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article image17K join Austrian student's Facebook privacy class action lawsuit

By Brett Wilkins     Aug 6, 2014 in Technology
Vienna - Thousands of Facebook users have joined an Austrian law student's class action lawsuit accusing the social media giant of violating their online privacy.
The Guardian reports more than 17,000 Faecbook users have signed on to 26-year-old Max Schrems' lawsuit against the popular global social network.
The suit alleges Facebook violates data protection laws and helps the US National Security Agency (NSA) spy on users.
Schrems has called for a billion Facebook users to join the lawsuit. By Monday, more than 5,000 people had answered his call. By Tuesday, that number had more than tripled.
The student is suing Facebook Ireland, the Dublin-based center which runs the company's activities outside the US and Canada. The actual suit was filed in the commercial court in Vienna, Austria. PC World reports European Union law allows consumers to sue businesses in either their home country or, if different, the relevant nation. Court costs are lower in Austria than in Ireland.
Schrems accuses Facebook of "basic or obvious violations of the law." Alleged violations include the company's privacy policy, its alleged involvement in the NSA's Prism data collection program, its graph search, its tracking of users on third-party websites, use of intrusive big data systems, and its non-compliance with user data access requests.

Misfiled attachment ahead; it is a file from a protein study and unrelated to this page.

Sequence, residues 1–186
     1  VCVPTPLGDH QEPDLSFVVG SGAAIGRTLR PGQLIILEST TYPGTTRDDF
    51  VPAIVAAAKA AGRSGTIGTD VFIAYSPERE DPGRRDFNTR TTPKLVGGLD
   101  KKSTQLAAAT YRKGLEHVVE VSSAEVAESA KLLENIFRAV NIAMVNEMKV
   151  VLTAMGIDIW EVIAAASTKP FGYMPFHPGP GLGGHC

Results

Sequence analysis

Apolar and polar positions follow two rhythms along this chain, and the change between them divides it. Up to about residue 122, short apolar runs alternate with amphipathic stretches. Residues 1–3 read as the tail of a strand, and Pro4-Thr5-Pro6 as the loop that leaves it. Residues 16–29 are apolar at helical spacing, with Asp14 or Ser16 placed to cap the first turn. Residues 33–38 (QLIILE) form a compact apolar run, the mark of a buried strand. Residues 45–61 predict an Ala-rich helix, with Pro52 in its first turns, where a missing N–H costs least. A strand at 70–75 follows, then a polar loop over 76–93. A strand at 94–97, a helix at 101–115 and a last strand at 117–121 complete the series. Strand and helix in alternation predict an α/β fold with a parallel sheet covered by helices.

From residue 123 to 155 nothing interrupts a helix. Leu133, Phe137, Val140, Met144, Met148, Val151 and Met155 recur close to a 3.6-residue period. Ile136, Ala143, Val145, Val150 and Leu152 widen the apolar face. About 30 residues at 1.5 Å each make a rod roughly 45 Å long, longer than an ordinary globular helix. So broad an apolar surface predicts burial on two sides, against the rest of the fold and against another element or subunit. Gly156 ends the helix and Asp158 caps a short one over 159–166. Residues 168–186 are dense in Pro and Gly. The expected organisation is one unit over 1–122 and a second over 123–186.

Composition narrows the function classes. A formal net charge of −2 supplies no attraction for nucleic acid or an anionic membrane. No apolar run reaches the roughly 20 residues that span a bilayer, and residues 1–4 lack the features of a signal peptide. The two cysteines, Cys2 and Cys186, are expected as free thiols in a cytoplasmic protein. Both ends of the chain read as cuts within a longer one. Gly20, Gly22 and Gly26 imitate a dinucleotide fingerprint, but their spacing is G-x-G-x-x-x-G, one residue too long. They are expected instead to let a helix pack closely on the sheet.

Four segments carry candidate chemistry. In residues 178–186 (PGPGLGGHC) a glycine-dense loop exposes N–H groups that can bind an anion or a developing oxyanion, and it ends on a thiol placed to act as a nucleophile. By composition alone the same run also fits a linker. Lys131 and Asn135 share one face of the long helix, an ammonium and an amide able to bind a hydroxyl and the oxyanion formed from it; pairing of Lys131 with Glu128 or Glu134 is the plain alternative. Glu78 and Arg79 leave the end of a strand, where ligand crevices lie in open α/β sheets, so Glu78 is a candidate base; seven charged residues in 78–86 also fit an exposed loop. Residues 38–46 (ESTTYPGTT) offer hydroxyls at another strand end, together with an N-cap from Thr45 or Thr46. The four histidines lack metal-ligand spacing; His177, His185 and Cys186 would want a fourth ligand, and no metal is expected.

"Our aim is to make Facebook operate lawfully in the area of data protection," Schrems told the Guardian. "We love to complain constantly about data protection problems in Europe, now it's also time for us to enforce our fundamental rights. Within the framework of this class action individuals can also make a contribution to this effort."
How much is Schrems seeking to squeeze out of Facebook? Not very much, at least for himself. He is seeking €500 ($670) in damages and unjust enrichment, with an additional €500 for each person who is added to the class action suit.
"This is intentionally low because our main aim is to enforce our fundamental rights," the online privacy advocacy group Europe-v-Facebook, of which Schrems is the leader, said.
Schrems said the response to his appeal has been "giant."
"The emails and feedbacks have been really positive and what is interesting is that many people say finally someone is doing something in this direction," he said.
This isn't Europe-v-Facebook's only fight. The group has previously filed complaints against the company with the Irish Data Protection Commissioner (DPC), leading to a 2011 audit of its privacy policies and practices.
Although the audit concluded that Facebook adhered to European data protection principles and was in compliance with Irish law, the company pledged to implement or consider improvements recommended by the DPC.
Facebook, the world's largest social media network, currently has more than 1.32 billion users, or nearly as many people as live in China. It's shares have been trading at or near record highs, and the company is valued at nearly $200 billion.
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